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Lambda has built-in fault tolerance. AWS Lambda maintains compute capacity across multiple Availability Zones in each region to help protect your code against individual machine or data center facility failures. Both AWS Lambda and the functions running on the service provide predictable and reliable operational performance. AWS Lambda is designed to provide high availability for both the service itself and for the functions it operates. There are no maintenance windows or scheduled downtimes.

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AWS Lambda invokes your code only when needed and automatically scales to support the rate of incoming requests without requiring you to configure anything. There is no limit to the number of requests your code can handle. AWS Lambda typically starts running your code within milliseconds of an event, and since Lambda scales automatically, the performance remains consistently high as the frequency of events increases. Since your code is stateless, Lambda can start as many instances of it as needed without lengthy deployment and configuration delays.

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Lambda@Edge allows you to run code at global AWS edge locations without provisioning or managing servers, responding to end users at the lowest network latency. You just upload your Node.js code to AWS Lambda and configure your function to be triggered in response to Amazon CloudFront requests (i.e., when a viewer request lands, when a request is forwarded to or received back from the origin, and right before responding back to the end user). The code is then ready to execute at every AWS edge location when a request for content is received, and scales with the volume of requests across CloudFront edge locations.

Sign up for the Lambda@Edge Preview today.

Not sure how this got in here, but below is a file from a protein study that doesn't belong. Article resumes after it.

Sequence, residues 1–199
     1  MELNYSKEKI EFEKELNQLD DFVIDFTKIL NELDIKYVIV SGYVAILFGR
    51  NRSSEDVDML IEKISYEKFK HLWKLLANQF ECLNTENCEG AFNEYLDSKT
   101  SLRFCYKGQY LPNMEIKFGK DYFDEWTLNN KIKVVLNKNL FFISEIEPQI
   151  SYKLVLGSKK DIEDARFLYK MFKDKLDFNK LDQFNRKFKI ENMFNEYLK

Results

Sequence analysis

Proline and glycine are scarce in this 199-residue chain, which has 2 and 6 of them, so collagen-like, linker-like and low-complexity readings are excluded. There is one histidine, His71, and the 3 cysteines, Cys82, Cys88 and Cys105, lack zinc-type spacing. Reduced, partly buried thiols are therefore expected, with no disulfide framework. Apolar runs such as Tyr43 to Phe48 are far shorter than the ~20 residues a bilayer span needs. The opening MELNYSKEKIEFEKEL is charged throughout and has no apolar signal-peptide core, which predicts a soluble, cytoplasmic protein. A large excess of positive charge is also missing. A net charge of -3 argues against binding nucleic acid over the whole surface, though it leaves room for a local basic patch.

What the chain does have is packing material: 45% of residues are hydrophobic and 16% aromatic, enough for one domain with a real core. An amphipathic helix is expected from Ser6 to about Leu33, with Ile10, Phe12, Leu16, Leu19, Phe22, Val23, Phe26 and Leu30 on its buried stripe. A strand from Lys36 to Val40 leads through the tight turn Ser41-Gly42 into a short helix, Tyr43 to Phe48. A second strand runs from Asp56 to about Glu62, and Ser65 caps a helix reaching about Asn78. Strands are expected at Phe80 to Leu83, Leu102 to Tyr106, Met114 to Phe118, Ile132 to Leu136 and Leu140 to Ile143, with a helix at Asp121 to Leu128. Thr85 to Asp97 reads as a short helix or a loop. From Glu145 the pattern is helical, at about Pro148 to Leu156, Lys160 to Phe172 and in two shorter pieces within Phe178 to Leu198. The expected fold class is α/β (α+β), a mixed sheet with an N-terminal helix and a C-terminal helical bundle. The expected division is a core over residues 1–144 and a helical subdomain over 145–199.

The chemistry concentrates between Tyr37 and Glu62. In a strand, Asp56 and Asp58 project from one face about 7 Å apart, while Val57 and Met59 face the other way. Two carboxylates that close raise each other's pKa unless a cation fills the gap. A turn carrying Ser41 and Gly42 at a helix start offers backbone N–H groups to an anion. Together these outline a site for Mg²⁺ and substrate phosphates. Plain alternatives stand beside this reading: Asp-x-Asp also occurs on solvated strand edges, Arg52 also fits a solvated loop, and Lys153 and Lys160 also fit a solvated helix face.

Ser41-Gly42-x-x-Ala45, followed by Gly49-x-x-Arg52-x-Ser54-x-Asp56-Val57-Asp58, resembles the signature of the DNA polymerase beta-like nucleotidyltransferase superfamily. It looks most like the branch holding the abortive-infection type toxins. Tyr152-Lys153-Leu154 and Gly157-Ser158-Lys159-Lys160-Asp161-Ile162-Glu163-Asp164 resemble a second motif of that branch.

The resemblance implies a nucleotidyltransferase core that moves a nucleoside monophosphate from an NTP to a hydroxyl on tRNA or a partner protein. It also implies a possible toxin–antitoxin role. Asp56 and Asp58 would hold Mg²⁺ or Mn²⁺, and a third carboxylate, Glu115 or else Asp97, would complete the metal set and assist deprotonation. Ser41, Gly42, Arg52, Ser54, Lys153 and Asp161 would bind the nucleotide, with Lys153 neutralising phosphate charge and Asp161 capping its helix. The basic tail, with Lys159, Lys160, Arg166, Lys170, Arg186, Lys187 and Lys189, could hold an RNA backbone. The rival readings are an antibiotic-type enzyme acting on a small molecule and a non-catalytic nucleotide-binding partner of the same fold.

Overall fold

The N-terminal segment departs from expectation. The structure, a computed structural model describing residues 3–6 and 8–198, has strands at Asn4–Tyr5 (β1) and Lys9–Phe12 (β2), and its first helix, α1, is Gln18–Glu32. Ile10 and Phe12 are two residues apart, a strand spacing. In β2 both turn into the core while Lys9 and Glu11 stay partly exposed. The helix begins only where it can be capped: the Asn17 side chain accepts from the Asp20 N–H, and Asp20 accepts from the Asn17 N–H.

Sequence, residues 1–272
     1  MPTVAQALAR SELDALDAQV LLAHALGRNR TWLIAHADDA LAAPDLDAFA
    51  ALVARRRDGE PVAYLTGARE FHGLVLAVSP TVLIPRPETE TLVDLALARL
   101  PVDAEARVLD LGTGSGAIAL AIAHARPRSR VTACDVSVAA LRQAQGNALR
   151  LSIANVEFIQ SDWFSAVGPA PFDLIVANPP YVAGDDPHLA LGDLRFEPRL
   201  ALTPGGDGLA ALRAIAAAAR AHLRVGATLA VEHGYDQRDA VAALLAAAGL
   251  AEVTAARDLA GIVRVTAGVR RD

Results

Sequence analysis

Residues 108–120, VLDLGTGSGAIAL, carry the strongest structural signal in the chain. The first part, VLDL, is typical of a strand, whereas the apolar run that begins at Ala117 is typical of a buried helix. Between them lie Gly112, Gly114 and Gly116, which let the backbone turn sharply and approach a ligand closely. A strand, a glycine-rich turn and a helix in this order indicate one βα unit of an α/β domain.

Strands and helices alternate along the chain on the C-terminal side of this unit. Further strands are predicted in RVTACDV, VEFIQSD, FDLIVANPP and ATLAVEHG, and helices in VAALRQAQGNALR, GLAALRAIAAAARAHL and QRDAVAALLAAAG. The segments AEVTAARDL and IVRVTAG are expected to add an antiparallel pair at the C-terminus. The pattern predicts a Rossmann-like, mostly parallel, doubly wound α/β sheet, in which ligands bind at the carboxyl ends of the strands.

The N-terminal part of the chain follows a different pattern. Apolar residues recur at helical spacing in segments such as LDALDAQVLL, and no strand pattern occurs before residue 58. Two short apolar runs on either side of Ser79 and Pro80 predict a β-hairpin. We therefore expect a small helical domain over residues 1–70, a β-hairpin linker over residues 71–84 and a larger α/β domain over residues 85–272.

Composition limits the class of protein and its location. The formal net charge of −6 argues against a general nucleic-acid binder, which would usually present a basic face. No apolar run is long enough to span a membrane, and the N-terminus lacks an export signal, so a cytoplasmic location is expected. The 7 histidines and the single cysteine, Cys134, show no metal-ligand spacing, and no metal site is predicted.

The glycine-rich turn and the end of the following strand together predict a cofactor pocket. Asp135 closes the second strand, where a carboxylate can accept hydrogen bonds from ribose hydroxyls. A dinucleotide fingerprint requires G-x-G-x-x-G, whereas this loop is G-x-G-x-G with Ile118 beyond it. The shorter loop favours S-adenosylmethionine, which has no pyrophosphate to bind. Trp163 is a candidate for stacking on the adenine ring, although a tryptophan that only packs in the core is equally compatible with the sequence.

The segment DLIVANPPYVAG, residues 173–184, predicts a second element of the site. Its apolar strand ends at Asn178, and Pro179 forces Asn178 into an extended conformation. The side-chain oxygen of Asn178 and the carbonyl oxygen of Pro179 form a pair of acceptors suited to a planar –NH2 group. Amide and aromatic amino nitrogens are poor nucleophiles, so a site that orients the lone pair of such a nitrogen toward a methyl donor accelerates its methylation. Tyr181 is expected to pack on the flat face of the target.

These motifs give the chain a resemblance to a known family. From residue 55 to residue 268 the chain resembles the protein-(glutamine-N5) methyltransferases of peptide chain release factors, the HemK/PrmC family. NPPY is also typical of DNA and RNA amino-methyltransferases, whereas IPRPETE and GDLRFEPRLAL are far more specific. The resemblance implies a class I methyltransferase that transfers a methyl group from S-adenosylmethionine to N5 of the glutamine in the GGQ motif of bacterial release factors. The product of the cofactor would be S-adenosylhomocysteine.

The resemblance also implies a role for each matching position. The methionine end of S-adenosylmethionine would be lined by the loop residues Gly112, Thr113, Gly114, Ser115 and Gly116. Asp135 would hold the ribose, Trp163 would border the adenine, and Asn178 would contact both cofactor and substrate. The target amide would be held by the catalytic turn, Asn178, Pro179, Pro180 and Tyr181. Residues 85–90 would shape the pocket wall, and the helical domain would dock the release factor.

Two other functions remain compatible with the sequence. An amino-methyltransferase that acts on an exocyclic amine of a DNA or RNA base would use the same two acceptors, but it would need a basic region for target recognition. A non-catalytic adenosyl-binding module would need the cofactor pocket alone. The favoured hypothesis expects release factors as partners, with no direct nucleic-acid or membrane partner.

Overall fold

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AWS Lambda allows your code to securely access other AWS services through its built-in AWS SDK and integration with AWS Identity and Access Management (IAM). AWS Lambda runs your code within a VPC by default. You can optionally also configure AWS Lambda to access resources behind your own VPC, allowing you to leverage custom security groups and network access control lists to provide your Lambda functions access to your resources within a VPC.

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With AWS Lambda, there are no new languages, tools, or frameworks to learn. You can use any third party library, even native ones. AWS Lambda supports Java, Node.js, C#, and Python code, with support for other languages coming in the future.

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With AWS Lambda you pay only for the requests served and the compute time required to run your code. Billing is metered in increments of 100 milliseconds, making it cost-effective and easy to scale automatically from a few requests per day to thousands per second.

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You choose the amount of memory you want to allocate to your functions and AWS Lambda allocates proportional CPU power, network bandwidth, and disk I/O.